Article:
I was hoping to post earlier this week, but I’ve been pretty busy which has been nice, so here I am now, and I’m excited to talk about The Horse and His Boy. As it turns out, the Narnia books don’t take very long to read, and I finished this one a couple of weeks ago. I started reading The Horse and His Boy when I was little, but I was disappointed to find out that Polly and Digory or the Pevensie children weren’t main characters, and I just couldn’t get into it so I stopped reading about five pages in. So it’s kind of funny now that it is one of my favorite Narnia books.
The Horse and His Boy takes place entirely in Narnia, as opposed to many of the other books in the series, during the rule of Peter, Susan, Edmund, and Lucy. It shows more of Narnia, and its surrounding lands, specifically Calormen Archenland. Shasta is a boy living with his father in Calormen, but he is not happy in his situation and decides to run away with Bree, a talking horse from Narnia.
On his journey he runs into Aravis and her horse, Hwin, who are also running away. The two of them team up on their way to Narnia and run into more trouble and adventure than they ever planned in, especially when they discover a plot to take over the Narnian crown from the Pevensies.
In my opinion, The Horse and His Boy has some of the strongest characters in the Narnia series. Aravis is awesome, and I particularly liked her conversations with Lasaraleen, a snotty Calormen princess and old friend of Aravis, since the two are such polar opposites. Lasaraleen has a tough time seeing past herself while Aravis is primarily focused on her own safety and escape.
Shasta also has a great relationship with Bree the Horse, who has some great, funny lines.
It was also interesting to see Narnia from an outsider’s view, particularly a negative one such as the Calormen’s. The prince of Calormen is the one actively against Narnia, while his father, The Tisroc, is more against it, but is not strong willed to stop his son. This is where most of the conflict comes from the story, but it also sets up an interesting dynamic within the royal family.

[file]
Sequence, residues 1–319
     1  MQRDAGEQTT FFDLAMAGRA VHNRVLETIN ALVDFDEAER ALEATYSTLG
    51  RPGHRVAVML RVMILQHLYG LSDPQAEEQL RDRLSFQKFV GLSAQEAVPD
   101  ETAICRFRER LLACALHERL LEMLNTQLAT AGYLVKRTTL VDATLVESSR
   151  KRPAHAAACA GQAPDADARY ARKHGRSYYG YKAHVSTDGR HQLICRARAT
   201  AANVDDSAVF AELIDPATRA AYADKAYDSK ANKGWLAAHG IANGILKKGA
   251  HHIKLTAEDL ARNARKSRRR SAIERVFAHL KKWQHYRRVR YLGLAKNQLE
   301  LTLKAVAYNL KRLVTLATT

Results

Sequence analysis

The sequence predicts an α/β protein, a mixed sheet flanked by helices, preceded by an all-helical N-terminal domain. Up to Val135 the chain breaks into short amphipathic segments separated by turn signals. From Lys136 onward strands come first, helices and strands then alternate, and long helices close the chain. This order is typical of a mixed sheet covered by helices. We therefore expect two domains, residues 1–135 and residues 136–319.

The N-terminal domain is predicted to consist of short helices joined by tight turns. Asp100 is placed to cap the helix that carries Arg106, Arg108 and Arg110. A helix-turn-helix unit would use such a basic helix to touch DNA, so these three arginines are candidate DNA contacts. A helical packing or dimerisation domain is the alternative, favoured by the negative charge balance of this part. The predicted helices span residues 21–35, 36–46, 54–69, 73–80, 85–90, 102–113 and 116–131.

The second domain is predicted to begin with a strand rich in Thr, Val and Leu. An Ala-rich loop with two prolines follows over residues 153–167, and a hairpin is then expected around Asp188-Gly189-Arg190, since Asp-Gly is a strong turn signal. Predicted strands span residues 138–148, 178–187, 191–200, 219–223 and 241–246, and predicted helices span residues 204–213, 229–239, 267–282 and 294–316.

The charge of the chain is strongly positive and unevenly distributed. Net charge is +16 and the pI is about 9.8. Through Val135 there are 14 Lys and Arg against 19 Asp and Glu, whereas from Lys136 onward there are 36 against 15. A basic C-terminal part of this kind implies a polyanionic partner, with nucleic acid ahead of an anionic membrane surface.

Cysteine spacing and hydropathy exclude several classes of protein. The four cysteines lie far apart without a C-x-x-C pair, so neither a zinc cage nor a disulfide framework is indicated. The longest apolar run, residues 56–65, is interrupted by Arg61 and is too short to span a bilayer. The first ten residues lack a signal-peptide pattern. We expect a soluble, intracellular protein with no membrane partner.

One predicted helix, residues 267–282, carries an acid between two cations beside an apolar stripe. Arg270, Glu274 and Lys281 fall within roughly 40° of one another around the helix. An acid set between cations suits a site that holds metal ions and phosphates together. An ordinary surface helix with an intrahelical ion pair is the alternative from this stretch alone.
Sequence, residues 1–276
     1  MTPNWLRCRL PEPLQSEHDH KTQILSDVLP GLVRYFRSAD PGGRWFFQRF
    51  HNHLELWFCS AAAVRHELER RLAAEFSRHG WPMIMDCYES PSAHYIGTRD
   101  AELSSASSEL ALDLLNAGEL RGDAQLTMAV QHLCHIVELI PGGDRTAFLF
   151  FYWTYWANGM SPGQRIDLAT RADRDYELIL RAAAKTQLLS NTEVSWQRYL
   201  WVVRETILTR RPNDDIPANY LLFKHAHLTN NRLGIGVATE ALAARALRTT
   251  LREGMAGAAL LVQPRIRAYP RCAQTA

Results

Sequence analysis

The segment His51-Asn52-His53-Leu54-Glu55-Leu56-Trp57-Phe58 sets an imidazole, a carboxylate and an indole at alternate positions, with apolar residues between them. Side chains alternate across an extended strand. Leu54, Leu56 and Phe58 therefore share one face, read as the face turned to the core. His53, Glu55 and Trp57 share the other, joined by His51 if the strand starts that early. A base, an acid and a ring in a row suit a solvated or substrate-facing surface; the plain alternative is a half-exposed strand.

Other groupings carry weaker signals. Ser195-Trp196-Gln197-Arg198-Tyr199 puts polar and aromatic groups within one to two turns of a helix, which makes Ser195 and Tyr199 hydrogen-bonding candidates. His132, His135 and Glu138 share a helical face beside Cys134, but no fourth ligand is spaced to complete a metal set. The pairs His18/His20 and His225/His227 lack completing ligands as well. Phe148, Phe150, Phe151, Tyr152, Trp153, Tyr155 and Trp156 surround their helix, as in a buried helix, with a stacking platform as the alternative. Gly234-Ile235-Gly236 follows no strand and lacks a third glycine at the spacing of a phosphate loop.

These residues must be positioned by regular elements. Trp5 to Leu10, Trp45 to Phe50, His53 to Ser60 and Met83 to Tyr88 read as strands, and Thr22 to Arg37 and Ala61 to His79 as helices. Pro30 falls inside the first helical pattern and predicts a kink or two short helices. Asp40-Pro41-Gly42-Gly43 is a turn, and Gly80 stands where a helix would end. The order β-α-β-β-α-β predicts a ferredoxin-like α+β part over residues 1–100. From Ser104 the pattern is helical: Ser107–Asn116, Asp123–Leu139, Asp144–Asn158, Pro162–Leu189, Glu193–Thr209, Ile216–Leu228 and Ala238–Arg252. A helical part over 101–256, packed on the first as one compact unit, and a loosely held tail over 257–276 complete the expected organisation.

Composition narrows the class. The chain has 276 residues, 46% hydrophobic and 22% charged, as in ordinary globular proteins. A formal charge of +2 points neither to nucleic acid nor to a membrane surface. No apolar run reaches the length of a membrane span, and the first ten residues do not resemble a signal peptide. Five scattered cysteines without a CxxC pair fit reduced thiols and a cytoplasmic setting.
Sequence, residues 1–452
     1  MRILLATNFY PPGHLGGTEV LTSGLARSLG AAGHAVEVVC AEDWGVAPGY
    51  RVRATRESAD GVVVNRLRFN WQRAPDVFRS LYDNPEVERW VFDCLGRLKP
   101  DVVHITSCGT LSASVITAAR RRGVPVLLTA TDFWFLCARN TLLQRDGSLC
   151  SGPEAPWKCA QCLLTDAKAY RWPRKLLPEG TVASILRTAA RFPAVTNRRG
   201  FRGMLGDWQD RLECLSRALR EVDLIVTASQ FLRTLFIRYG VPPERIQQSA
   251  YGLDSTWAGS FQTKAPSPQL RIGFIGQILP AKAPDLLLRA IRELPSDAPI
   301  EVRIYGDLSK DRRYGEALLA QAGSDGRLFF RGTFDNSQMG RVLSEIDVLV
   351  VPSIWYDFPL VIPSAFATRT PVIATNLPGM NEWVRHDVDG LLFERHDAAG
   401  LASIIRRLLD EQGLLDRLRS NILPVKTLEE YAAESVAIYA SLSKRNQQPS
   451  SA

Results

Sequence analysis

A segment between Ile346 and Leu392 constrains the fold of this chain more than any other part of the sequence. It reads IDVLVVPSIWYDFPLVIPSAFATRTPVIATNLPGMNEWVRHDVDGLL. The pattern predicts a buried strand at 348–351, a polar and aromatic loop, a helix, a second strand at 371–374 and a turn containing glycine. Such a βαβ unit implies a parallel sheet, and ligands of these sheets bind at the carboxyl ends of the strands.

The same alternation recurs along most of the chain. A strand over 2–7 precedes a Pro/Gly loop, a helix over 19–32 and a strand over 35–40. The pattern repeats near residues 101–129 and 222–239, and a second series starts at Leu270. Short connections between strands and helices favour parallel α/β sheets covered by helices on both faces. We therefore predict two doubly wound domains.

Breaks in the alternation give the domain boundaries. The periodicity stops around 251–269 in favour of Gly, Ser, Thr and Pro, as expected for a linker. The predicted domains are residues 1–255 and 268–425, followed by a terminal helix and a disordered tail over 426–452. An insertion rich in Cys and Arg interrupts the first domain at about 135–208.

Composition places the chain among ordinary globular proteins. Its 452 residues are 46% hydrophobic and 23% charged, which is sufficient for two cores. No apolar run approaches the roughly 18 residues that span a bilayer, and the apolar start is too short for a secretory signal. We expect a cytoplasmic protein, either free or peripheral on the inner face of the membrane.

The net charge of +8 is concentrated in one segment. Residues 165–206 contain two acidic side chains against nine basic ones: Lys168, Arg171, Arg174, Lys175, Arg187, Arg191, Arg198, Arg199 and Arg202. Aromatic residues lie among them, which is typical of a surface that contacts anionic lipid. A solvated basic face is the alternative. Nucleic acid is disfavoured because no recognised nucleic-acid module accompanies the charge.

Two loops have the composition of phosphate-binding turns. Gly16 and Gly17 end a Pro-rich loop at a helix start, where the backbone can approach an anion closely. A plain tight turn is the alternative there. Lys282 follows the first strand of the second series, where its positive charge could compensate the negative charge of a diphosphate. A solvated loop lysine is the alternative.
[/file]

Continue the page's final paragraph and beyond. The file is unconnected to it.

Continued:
Even though Peter, Susan, Lucy, and Edmund are not main characters in The Horse and His Boy, they do make an appearance as kings and queens of Narnia (which I would have found out if I had stuck with the book longer when I was little). I particularly liked this, not only because we got to see them in a different light, but we got to see how Edmund’s relationship with the Witch in the last book affected his rule as king, particularly when he shows mercy on a traitor . It was nice to see Edmund as something other than a stuck up, insecure little boy, so I particularly liked that. It was quick, but it really showed development within his character.
And of course there is Aslan. He doesn’t have as active a role in this book as opposed to other per say, particularly compared to Lion, Witch & Wardrobe or Prince Caspian, but even though he doesn’t have as much screen time, some of my favorite, and his most powerful lines of his are in this book. (Some of these are spoilers but) two that really stuck with me were,
I was the lion who forced you to join with Aravis. I was the cat who comforted you among the houses of the dead. I was the lion who drove the jackals from you while you slept. I was the lion who gave the horses the new strength of fear for the last mill so that you should reach King Lune in time. And I was the lion you do not remember who pushed the boat in which you lay, a child near death, so that it came to shore where a man sat, wakeful at midnight, to receive you.
Child, I am telling you your story, not hers. No one is told any story but their own.
There were others, but those are the two that resonated with me the most.